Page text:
LEA proteins are a diverse group of probable desiccation protectants that are developmentally induced during the postabscission stage of late embryo development by ovule abscission and are environmentally induced, probably by a different mechanim(s), in cultured embryos by ABA, desiccation, and osmotic stress. Of the 18 Lea mRNAs cloned from cotton, mRNAs of the two related genes Lea4, a Group 1 Lea gene, and LeaA2 have the highest cross-hybridization with embryo mRNAs of other plants. A recent compilation of Group 1 LEA sequences confirms a very high conservation at the amino acid level. To define the relationship of the cotton Group 1 proteins encoded by Lea4 and LeaA2, and to help understand the basis of their differential expression during development, both alloalleles of both genes were sequenced. LeaA2-encoded proteins are very similar to the one encoded by Lea4, except that they contain a tandem duplication of a 20-amino acid sequence present only once in the Lea4-encoded protein.
The late embryogenesis-abundant (Lea genes, which are suggested to act as desiccation protectants during seed desiccation and in water-stressed seedlings, can be induced by abscisic acid (ABA) and various kinds of water-related stress. Using cotton Lea cDNA probes it was found that several of the Lea genes are conserved at the mRNA level in dicots and monocots. By screening a barley cDNA library with a cotton Lea D19 cDNA a family of three members was isolated. The putative B19 proteins have strong similarities to the Em protein in wheat and to LEA proteins from several dicots. However, the middle part of the B19 proteins consists of a 20-amino acid motif repeated three and four times in B19.3 and B19.4, respectively, but only once in B19.1. The gene products are strongly hydrophilic, the internal 20-amino acid motif being the most hydrophilic part. This motif is found once in cotton Lea D19 but is repeated twice in cotton Lea D132, indicating that the repeats are universal among monocot and dicot B19-like genes. The B19 genes are regulated similarly during embryo developoment, but to very different levels. In contrast, they are differentially regulated by ABA and various types of osmotic stress. In immature embryos all three genes are responsive to ABA and mannitol. However, B19.1 is also responsive to salt. Cold stress does not induce B19 mRNAs; only a stabilization of the transcript levels is seen. These results suggest that the responses to salt stress and exogenous ABA operate through different pathways.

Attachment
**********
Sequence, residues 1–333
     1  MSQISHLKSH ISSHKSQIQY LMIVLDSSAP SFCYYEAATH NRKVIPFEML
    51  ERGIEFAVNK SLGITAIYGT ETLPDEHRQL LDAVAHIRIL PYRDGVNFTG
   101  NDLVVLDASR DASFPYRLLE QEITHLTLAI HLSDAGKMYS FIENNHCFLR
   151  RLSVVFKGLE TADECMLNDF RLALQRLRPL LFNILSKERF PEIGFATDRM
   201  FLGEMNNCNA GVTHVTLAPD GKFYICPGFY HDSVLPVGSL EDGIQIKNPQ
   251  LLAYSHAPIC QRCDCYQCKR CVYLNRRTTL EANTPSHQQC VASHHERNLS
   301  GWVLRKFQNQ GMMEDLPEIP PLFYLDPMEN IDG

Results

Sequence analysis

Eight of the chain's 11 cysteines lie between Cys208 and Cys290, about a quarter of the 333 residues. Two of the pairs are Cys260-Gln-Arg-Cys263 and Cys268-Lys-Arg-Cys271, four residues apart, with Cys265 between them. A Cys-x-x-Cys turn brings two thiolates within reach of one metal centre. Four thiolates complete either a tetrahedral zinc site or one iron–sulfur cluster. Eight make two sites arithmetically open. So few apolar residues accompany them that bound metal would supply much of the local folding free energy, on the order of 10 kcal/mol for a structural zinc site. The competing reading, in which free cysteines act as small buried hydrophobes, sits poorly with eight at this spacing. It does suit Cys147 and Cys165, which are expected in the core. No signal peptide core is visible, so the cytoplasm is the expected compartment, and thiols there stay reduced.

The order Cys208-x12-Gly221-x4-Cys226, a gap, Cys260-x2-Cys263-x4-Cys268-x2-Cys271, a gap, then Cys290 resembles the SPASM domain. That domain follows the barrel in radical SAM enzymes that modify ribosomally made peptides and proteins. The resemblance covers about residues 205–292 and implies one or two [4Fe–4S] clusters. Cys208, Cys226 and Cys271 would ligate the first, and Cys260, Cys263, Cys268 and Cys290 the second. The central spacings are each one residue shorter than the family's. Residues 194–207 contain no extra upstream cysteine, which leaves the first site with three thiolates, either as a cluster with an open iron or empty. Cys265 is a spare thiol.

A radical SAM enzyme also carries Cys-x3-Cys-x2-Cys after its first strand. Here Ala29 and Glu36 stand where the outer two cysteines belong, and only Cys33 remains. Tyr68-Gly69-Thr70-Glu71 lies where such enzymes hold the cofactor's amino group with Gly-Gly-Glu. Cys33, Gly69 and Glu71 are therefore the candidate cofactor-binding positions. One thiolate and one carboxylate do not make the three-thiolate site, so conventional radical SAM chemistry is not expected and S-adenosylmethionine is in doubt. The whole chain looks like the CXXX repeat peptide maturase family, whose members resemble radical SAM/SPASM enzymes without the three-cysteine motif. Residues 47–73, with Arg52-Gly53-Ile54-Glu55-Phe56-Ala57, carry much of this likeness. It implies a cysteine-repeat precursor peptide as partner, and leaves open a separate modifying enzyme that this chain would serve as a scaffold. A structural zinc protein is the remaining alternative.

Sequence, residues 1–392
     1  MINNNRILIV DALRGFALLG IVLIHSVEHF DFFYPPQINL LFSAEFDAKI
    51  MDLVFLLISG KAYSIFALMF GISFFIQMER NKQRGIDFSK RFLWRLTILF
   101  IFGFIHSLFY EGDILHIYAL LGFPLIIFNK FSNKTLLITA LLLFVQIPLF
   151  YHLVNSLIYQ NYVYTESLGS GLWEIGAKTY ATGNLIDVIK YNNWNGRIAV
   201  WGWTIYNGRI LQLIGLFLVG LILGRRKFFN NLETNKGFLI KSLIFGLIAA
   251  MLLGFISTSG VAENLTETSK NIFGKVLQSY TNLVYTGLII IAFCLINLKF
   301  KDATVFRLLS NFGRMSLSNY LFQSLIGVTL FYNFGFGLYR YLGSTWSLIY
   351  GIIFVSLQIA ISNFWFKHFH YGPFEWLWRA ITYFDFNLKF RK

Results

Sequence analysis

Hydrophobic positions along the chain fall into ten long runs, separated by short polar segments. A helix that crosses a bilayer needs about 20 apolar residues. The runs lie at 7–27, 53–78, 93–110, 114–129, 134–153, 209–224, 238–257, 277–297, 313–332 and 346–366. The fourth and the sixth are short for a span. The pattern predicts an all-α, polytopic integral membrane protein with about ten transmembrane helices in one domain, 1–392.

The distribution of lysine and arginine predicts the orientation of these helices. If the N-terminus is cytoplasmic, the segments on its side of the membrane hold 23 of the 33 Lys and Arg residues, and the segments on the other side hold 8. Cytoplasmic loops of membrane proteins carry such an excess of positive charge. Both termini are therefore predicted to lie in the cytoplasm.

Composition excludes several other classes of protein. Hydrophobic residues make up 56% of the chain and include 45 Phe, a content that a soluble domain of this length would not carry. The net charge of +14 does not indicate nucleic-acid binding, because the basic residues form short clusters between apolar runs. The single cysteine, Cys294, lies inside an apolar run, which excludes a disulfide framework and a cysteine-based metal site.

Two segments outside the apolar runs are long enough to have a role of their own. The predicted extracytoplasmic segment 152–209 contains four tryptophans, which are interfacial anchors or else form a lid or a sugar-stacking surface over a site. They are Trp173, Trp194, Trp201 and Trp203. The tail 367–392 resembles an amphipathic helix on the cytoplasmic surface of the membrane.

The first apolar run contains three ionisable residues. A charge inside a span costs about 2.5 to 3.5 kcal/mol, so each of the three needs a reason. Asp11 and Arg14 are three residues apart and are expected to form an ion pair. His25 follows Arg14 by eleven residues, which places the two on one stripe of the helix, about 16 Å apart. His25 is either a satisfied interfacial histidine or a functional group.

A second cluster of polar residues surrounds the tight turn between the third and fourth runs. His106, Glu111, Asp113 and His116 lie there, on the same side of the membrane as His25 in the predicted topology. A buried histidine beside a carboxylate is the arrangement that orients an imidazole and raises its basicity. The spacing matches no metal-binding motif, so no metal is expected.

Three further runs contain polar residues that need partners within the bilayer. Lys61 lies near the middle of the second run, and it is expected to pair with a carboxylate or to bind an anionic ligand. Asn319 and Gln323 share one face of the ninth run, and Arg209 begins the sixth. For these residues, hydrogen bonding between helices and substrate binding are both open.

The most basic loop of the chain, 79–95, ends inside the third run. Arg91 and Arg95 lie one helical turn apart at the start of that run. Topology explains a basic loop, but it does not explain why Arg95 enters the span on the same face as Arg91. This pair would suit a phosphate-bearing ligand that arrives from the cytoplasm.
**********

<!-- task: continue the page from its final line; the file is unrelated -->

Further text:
Of the many Lea and water stress-related mRNAs that have been sequenced, all but cotton Lea12 and the desiccation-induced Craterostigma cDNA pcC27-45 encode proteins that are very hydrophilic. In cotton, only Lea5A and Lea14 are highly induced in mature leaves of water-stressed plants or in water-stressed, detached leaves. We report here that both of these genes encode proteins with significant hydropathic character and that Lea14 is a homolog of the gene encoding the Craterostigma desiccation-induced mRNA.
Cloned mRNAs identify three programs of gene expression in cotton (Gossypium hirsutum L.) embryos that are associated with the maturation (reserve accumulation) stage, the posTabscission stage, which is marked by expression of Late-embryogenesis-abundant (Lea) mRNAs, and germination (broadly defined as including all events through early postgerminative growth). In order to test if the regulation of these programs is the same in other dicotyledonous species, their expression was studied in normal and cultured maturation-stage, postabscission-stage, and mature embryo-stage embryos or seed of oilseed rape (Brassica napus L.), soybean (Glycine max [L.] Merr.), and tobacco (Nicotiana tobacum L.) using cotton and other cDNA probes. During postabscission, Lea mRNAs accumulated in all test species and were induced in earlier maturation-stage embryos by excision and culture on basal medium. Abscisic acid often enhanced this induction in the test species. Germination-specific mRNAs were induced in cultured maturation-state and postabscission-stage embryos of all test species. These results indicate that the regulation of embryonic and germination programs are similar in all dicotyledons tested. Because excised embryos simultaneously induced postabscission and germination programs, the effects of exogenous growth regulators and other factors on such embryos probably reflect stress responses of germinating mature embryos rather than the identity of endogenous regulators of embryogenesis.